St. Paul, the hermit, is commemorated in several ancient western Martyrologies on the 10th of January, but in the Roman on the 15th, on which he is honored in the anthologium of the Greeks.

An eminent contemplative draws the following portraiture of this great model of an eremitical life: St. Paul, the hermit, not being called by God to the external duties of an active life, remained alone, conversing only with God, in a vast wilderness, for the space of near a hundred years, ignorant of all that passed in the world, both the progress of sciences, the establishment of religion, and the revolutions of states and empires; indifferent even as to those things without which he could not live, as the air which he breathed, the water he drank, and the miraculous bread with which he supported life. What did he do? say the inhabitants of this busy world, who think they could not live without being in a perpetual hurry of restless projects; what was his employment all this while? Alas! ought we not rather to put this question to them; what are you doing while you are not taken up in doing the Will of God, which occupies the heavens and the earth in all their motions? Do you call that doing nothing which is the great end God proposed to himself in giving us a being, that is, to be employed in contemplating, adoring, and praising him? Is it to be idle and useless in the world to be entirely taken up in that which is the eternal occupation of God himself, and of the blessed inhabitants of heaven? What employment is better, more just, more sublime, or more advantageous than this, when done in suitable circumstances? To be employed in any thing else, how great or noble soever it may appear in the eyes of men, unless it be referred to God, and be the accomplishment of his holy will, who in all our actions demands our heart more than our hand, what is it, but to turn ourselves away from our end, to lose our time, and voluntarily to return again to that state of nothing out of which we were formed, or rather into a far worse state?

Taken from: The Liturgical Year – Christmas, Vol. II, Edition 1868;
The Lives of the Fathers, Martyrs, and Other Principal Saints, Vol. I, 1903; and
The Divine Office for the use of the Laity, Volume I, 1806.

 

January 15, 2020 St. Maurus, Abbot.

 

St. Paul, the First Hermit, pray for us.

 

Jan. 15, 2020

January 15, 2020: COMMEMORATION OF ST. MAURUS, ABBOT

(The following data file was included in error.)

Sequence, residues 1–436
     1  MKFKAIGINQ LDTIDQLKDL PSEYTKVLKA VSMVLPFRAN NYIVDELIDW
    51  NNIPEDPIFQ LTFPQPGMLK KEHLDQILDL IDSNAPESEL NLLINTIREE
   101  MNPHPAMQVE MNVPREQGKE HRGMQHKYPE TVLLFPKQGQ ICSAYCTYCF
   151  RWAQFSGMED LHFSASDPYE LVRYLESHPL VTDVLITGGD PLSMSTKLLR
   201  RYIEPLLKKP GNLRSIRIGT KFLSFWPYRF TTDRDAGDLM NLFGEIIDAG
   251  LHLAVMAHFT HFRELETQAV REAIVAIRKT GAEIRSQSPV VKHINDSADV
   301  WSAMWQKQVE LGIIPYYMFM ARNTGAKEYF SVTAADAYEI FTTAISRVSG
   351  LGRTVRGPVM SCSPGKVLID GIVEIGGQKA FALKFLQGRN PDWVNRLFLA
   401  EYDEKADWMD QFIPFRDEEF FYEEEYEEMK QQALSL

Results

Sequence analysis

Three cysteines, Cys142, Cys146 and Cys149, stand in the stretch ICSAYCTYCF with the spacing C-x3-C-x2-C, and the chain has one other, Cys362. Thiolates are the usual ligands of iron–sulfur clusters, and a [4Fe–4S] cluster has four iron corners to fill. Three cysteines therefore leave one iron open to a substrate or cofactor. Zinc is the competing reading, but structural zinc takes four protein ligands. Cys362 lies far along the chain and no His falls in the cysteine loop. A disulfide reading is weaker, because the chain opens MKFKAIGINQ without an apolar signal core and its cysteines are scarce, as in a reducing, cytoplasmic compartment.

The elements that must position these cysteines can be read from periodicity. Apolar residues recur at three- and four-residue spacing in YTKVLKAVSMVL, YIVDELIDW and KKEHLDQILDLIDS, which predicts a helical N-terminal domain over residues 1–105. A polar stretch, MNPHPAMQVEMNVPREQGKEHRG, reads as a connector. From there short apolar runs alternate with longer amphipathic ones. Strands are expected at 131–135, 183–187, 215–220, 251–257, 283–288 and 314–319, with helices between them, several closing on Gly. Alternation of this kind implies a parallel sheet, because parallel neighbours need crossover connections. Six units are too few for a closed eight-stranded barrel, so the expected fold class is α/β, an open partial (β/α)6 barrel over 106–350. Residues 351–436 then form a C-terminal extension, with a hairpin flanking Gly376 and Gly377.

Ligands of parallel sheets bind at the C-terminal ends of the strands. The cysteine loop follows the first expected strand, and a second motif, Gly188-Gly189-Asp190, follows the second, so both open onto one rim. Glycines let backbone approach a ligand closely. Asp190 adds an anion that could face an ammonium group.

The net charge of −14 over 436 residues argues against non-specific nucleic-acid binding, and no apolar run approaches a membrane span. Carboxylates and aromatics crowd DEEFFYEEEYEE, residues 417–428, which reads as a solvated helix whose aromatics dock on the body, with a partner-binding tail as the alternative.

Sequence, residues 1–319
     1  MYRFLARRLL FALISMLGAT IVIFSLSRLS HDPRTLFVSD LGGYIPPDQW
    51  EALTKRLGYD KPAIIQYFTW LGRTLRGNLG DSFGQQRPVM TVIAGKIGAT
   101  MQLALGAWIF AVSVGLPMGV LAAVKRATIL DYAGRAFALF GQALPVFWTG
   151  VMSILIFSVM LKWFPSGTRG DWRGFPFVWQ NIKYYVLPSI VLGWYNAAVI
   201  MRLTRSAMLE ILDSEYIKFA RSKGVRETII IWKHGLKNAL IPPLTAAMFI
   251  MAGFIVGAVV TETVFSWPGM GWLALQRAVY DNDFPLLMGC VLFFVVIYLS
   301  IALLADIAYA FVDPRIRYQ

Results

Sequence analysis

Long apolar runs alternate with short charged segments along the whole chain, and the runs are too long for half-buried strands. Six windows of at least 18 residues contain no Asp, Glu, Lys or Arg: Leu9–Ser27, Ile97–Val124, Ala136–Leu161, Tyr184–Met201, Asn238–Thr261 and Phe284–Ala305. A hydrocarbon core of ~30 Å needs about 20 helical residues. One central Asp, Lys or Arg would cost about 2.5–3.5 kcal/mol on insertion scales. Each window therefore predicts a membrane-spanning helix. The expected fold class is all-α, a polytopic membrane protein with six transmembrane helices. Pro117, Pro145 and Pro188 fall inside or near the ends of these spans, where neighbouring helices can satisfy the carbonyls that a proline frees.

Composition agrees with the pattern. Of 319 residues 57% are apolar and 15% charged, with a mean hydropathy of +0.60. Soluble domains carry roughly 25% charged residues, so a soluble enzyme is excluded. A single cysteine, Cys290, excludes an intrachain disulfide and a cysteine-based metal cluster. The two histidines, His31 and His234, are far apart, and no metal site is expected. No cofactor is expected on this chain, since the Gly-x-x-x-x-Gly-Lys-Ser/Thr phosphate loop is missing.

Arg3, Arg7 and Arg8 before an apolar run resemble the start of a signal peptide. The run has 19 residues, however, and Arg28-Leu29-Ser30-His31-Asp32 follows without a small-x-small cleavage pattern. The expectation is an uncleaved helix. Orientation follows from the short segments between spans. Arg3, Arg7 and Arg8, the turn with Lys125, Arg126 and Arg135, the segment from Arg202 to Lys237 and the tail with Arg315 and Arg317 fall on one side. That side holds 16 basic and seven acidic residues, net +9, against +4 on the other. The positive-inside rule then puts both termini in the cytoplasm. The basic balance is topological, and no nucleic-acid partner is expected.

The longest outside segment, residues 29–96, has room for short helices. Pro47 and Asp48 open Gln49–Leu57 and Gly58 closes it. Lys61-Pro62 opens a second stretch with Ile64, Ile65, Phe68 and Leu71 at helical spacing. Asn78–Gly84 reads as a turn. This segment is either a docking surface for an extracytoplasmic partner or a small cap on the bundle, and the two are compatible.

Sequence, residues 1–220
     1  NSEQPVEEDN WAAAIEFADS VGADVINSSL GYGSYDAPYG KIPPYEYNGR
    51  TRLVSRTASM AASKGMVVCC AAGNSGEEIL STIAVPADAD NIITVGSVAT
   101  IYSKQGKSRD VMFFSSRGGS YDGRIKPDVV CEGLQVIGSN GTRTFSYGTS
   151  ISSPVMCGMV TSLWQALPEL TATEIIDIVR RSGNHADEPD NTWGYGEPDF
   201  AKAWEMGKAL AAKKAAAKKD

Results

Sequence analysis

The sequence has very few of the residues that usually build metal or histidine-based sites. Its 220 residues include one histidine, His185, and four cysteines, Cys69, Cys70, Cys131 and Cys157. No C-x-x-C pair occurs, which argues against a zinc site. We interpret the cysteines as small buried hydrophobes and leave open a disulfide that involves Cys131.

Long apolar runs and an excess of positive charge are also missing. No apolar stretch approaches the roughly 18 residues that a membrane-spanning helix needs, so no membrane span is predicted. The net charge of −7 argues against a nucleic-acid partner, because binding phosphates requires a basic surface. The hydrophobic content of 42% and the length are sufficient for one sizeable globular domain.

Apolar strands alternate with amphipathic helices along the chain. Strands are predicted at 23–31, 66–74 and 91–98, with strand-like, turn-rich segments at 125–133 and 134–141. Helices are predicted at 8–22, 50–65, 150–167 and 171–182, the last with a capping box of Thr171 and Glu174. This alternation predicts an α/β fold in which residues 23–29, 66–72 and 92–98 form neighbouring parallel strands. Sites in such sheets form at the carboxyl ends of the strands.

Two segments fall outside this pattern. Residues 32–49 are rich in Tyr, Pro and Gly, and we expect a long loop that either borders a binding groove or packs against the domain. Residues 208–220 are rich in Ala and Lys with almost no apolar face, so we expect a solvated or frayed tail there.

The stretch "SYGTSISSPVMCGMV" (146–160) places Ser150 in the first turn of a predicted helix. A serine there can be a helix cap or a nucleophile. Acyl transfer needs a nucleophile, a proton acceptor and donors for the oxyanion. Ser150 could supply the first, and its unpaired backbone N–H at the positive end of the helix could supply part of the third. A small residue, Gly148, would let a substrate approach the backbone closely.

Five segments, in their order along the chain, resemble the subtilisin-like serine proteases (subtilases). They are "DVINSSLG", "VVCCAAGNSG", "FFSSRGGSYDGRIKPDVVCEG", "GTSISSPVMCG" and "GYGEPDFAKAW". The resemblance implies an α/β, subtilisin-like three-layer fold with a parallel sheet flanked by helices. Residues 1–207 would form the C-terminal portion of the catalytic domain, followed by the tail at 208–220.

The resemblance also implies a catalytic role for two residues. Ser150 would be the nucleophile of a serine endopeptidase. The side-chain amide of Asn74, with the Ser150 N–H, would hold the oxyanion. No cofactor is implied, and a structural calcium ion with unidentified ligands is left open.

On this day, did Saint Mauras, laid before the Altar on his hair-shirt, happily breathe forth his soul. On this day, the eldest disciple of blessed Benedict, securely ascending by the path of the Holy Rule, and accompanied by choirs of Angels, was led to Christ. On this day, the obedient man, speaking victory, was rewarded by receiving the crown from his Lord. Alleluia, alleluia.

 

Prayer (Collect).

May the intercession, O Lord, of blessed Maurus, the Abbot recommend us to thee; that what we cannot hope for through any merits of our own, we may obtain by his prayers. Through our Lord Jesus Christ, thy Son, who liveth and reigneth with thee, in the unity of the Holy Ghost, God, world without end. Amen.

 

O most worthy Disciple of his Father Benedict, who made him heir of his own spirit, that he might become the chief promulgator of the Holy Rule, and the wonderful propagator of the Monastic Order in France! Alleluia.

O blessed Mauras! who, from early childhood, despised the world, and lovingly bore the yoke of the Holy Rule, and, being obedient even unto death, denied himself, that he might cling unreservedly to Christ. Alleluia.

 

Saint Maurus—one of the greatest masters of the Cenobitical Life, and the most illustrious of the Disciples of St. Benedict, the Patriarch of the Monks of the West—shares with the First Hermit the honours of this fifteenth day of January. Faithful, like the holy Hermit, to the lessons taught at Bethlehem, Maurus has a claim to have his Feast kept during the forty days, which are sacred to the sweet Babe Jesus. He comes to us each January to bear witness to the power of that Babe's humility. Who, forsooth, will dare to doubt of the triumphant power of the Poverty, and the obedience shown in the Crib of our Emmanuel, when he is told of the grand things done by those virtues in the Cloisters of Fair France?

It was to Maurus that France was indebted for the introduction into her territory of that admirable Rule, which produced the great Saints, and the great Men, to whom she owes the best part of her glory… St. Maurus built his celebrated Monastery of Glanfeuil, and Glanfeuil may be considered as the mother-house of the principal Monasteries in France, Saint Germain and Saint Denis of Paris, Marmoutier, Saint Victor, Luxeuil, Jumièges, Fleury, Corbie, Saint Vannes, Moyen-Moutier, Saint Wandrille, Saint Waast, La Chaise-Dieu, Tiron, Chezal Benoît, Le Bec, and innumerable other Monasteries in France gloried in being daughters of Monte-Cassino by the favourite Disciple of St. Benedict. Cluny, which gave several Popes to the Church—and among them, St. Gregory the Seventh, and Urban the Second—was indebted to St. Maurus for that Rule, which gave her her glory and her power. We must count up the Apostles, Martyrs, Bishops, Doctors, Confessors, and Virgins, who were formed, for… years, in the Benedictine Cloisters of France; we must calculate the services, both temporal and spiritual, done to this great country by the Benedictine Monks, during all that period; and we shall have some idea of the results produced by the mission of St. Maurus—results, whose whole glory redounds to the Babe of Bethlehem, and to the mysteries of his humility, which are the source and model of the Monastic Life. When, therefore, we admire the greatness of the Saints, and recount their wonderful works, we are glorifying our Jesus, the King of all Saints.